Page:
..resurrection has been done in one form or another by many religions..not necessarily in the classical christian gospel style but the idea of a god figure
reappearing or reassembling to give new insight is not unique to the christian religion...i am sure a wikipedia consult would show a couple...( i have not looked ).
here i just looked up resurrection in the indian tradition from wiki
Best selling author and philosopher of Yoga, and the guru of Mahatma Gandi, Paramahansa Yogananda recorded the following accounts of resurrections in his Autobiography:
* Lahiri Mahasaya resurrected Rama a friend of Sri Yukteswar who had died of Cholera. He was brought back to life a day after he had passed,Chapter 32.
* On June 19th, 1936 at the Bombay Hotel Swami Sri Yukteswar, who had died three months earlier, appeared to Yogananda in "flesh and blood" and spoke to him of life in the astral realms. Yogananda describes touching Sri Yukteswar and provides a detailed account of the meeting but some believe this could have just been a hallucination, Chapter 43.
* Mahavatar Babaji the guru of Lahiri Mahasaya is said to have healed and resurrected a disciple who had willingly thrown himself to death from a high cliff after learning he was unfit to be a disciple in his present form, Chapter 34. However, the authenticity of this account is questioned, as the body would have doubtlessly been badly broken, making any resurrection superfluous.
Sathya Sai Baba disciple Dr. John S. Hislop reported in his book My Baba and I that while attending a conference, Walter Cowan, of Tustin, California, was pronounced dead on the morning of December 25, 1971 of a heart attack. According to Hislop, later in the day, he was found sitting up in a hospital bed alive raised to life by Sai Baba. Elsie Cowen, Walter's wife provided details of the account at a lecture at the Unity Church in Santa Ana, California. According to Elsie, Walter recounted witnessing Sai Baba convincing a council to let him live again to perform a purpose. Some believe many of the Sathya Sai Baba miracles are questionable, thus throwing this account of a disciple into doubt. Furthermore, according to medically established consensus, the body can be resuscitated after 9 hours. Within this time frame certain people emerge, and falsely claim to be resurrected, however, it is not true resurrection. This might explain Walter Cowen's resurrection.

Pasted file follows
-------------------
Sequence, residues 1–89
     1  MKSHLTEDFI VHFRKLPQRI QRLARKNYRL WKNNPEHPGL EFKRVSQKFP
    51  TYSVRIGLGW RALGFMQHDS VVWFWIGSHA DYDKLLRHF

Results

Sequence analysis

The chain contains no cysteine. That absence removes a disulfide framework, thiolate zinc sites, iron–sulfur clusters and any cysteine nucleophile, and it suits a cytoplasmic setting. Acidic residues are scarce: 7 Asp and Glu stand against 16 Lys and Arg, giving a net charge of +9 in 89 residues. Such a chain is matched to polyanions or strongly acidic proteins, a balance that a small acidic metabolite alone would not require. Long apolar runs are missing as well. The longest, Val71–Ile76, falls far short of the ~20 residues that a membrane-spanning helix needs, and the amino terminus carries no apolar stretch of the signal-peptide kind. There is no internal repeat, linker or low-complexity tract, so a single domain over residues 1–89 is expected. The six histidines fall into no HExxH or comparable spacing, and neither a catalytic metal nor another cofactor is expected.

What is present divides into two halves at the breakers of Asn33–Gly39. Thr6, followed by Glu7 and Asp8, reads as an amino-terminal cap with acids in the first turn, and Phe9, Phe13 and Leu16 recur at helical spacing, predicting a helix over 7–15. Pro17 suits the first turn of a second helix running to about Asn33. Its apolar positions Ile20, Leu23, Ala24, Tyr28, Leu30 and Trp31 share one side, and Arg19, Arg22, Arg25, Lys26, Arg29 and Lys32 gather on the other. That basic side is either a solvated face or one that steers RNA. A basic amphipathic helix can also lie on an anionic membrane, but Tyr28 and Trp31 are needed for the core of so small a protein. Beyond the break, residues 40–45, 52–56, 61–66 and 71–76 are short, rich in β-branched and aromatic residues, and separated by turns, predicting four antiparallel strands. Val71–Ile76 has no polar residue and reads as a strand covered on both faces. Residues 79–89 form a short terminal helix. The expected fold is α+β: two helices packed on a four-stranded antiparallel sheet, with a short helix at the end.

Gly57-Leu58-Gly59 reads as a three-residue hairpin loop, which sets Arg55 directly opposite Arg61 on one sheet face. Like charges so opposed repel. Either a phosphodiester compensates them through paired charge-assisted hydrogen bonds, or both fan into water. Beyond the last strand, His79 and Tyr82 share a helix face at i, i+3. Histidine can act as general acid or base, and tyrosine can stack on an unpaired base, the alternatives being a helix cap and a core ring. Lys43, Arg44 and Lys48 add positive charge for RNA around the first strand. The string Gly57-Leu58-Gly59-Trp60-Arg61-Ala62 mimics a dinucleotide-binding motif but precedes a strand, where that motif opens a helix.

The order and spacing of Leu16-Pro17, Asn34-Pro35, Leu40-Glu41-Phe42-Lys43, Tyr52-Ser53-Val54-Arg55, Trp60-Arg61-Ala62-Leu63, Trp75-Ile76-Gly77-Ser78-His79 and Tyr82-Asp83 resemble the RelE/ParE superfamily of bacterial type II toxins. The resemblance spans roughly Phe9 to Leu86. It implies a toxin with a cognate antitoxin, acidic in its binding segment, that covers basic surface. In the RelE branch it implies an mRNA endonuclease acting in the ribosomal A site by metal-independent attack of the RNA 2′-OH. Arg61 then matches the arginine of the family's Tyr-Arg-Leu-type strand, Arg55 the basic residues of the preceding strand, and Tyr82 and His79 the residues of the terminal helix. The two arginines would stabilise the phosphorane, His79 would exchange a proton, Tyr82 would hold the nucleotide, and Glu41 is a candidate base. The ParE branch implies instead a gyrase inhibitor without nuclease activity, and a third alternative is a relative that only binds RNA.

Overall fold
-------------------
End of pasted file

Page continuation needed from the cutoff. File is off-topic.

and here is some wiki concerning ancient pre-christian mesopotamiam god resurrection ideas ( not the human personalities just noted in the above indian wiki reference )
Mesopotamia and the classical world
In the literal sense of the word, resurrection refers to the event of a dead person returning to physical life. Thus it is not to be confused with things like Hellenistic immortality in which the soul continues to live after death, "free" of the body.
"Centuries before the time of Jesus Christ the nations annually celebrated the death and resurrection of Osiris, Tammuz, Attis, Mithra, and other gods" . A cyclic dying-and-rising god motif was prevalent throughout ancient Mesopotamian and classical literature and practice (eg in Syrian and Greek worship of Adonis; Egyptian worship of Osiris; the Babylonian story of Tammuz; rural religious belief in the Corn King).
Specifically, some of language concerning resurrection in the Hebrew Bible appears to have origins in Canaanite belief as demonstrated by the Baal cycle found at Ugarit in Northern Syria. Ba'al-Hadad's battle against Mot seems to be the origin of the some of the resurrection imagery found in Hosea, Isaiah and Daniel. This influence survives into the New Testament and even Rabbinic literature, with agricultural imagery regarding resurrection in 1 Corinthians 15:36-37 and in John 12:24 reflecting the agricultural images of the Ba'al myth.